I never imagined that I would one day be living in Singapore but in late 2016 when an opportunity came up for us both career wise, we jumped at the chance to start a new adventure and live not only in a new city but on a new continent. Singapore is a melting pot of Asian culture and history combined with western/European influence. Every trend that surfaces will find itself in Singapore soon enough. A foodie haven, there is so much choice in Singapore – from the local hawker centres and cute brunch spots to fine dining and Michelin stars. As the gateway to Asia, the travel opportunities are endless so you will see a bit of a shift on my blog as we start to explore Asia and beyond. As a new Singapore city dweller, I wanted to share with you some things to do and places to visit as I get to know this interesting city.
Singapore is definitely unexpected and I love that you can be walking amongst skyscrapers and turn a corner and be confronted with heritage shop houses and old school charm. From a sleepy fishing village to a buzzing metropolis it is easy to forget that this city state, often referred to as an ‘economic miracle’, was built in just one generation.
Singapore is a sovereign city-state and island country in Southeast Asia lying one degree north of the equator at the Southern tip of the Malay Peninsula. It has a tropical rain forest climate with no distinctive seasons which takes getting used to if you live here – the temperature and humidity remain rather constant with temperatures between 22 and 35 degrees meaning my hair is constantly a bunch of curls and no amount of chemical straightening or GHD usage quite does the trick.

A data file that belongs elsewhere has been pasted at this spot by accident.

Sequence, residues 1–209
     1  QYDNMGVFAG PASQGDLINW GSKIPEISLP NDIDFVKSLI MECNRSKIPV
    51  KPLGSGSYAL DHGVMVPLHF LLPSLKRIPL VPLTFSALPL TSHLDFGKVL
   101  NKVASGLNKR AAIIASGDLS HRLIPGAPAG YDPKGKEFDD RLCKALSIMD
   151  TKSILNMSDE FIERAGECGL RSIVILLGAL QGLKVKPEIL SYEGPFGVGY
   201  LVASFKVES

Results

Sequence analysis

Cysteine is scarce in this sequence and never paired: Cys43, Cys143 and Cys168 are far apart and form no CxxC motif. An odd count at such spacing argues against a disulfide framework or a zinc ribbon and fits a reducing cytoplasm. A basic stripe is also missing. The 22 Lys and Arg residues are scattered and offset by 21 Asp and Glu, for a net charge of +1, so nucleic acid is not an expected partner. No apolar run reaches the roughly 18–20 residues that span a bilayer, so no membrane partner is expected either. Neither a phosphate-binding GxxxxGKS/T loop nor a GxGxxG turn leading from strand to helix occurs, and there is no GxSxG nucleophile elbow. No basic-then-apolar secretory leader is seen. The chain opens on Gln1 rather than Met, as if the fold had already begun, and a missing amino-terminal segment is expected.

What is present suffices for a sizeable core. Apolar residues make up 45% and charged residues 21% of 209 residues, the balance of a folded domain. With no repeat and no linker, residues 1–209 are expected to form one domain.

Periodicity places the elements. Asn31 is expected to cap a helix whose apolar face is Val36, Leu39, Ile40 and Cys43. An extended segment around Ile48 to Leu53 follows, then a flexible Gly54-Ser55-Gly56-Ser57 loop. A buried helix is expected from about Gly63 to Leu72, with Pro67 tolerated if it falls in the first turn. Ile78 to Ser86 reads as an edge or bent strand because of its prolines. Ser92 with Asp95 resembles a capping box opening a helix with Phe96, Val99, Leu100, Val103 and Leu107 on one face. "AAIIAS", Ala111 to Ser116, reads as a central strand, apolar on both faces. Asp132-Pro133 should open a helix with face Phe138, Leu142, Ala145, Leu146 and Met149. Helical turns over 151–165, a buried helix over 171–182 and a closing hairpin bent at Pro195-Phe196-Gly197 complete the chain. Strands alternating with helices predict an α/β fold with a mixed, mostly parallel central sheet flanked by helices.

Singapore used to be known as Singapura, or Lion City in Sanskrit, nicknamed by Sang Nila Utama, a Sumatran Prince after he thought he saw a lion on the island but there have never been lions. It has been said that it was most likely a tiger he saw as tigers used to be found in the wild in Singapore, up to the 1930s.
Best Brunch spots I’ve been to;
- PS Café, Dempsey Hill (there are a few different locations)
- O Batignolles (all you can eat croissants) – also check out its sister restaurant O Comptoir
- Bees Knees, Botanical gardens
- Tiong Bahru Bakery
- Providore & Dimbulah (more of a coffee recommendation)
Noteworthy dinner places;
- Moosehead & Birds of a Feather, Telok Ayer – Telok Ayer & Amoy are great streets for trendy cocktail bars and restaurants so you can’t go wrong
- Lucha Loco, Duxton Hill for festive Mexican in a great outdoor setting
- Muthus, Little India for authentic Indian food
- Fabrica, Kampong Glam for pizzas in a relaxed and trendy setting
- Mitzo, Grand Park Hotel, Orchard for understated deliciousness – try their pork belly and truffle duck
- Botanico, Botanical Gardens for delicious flavours inspired by botany
- Como complex, Dempsey Hill – stylish interiors to complement the memorable food. Also try Morsel
- The Halia, Botanical Gardens for ginger inspired delicious dishes (live jazz on Sundays)
- Burnt Ends for an open kitchen and Australian barbecue style dining with flair
- Tim Ho Wan for the best dim sum
- Bottega for authentic Italian flavour, a real find!
- National Kitchen by Violet Oon at the National Gallery Singapore for local dishes celebrating our culinary heritage.
Healthy lunch spots in the CBD
- Salad Stop, One Raffles Place
- Aloha Poke, Amoy Street and Apoketheory on Boon Tat
- Kitchen by Food Rebel, Stanley Street
- My awesome cafe, Telok Ayer
- Free the robot, Telok Ayer
- The Daily Cut, Raffles City MRT
- Grain Traders, Robinson Road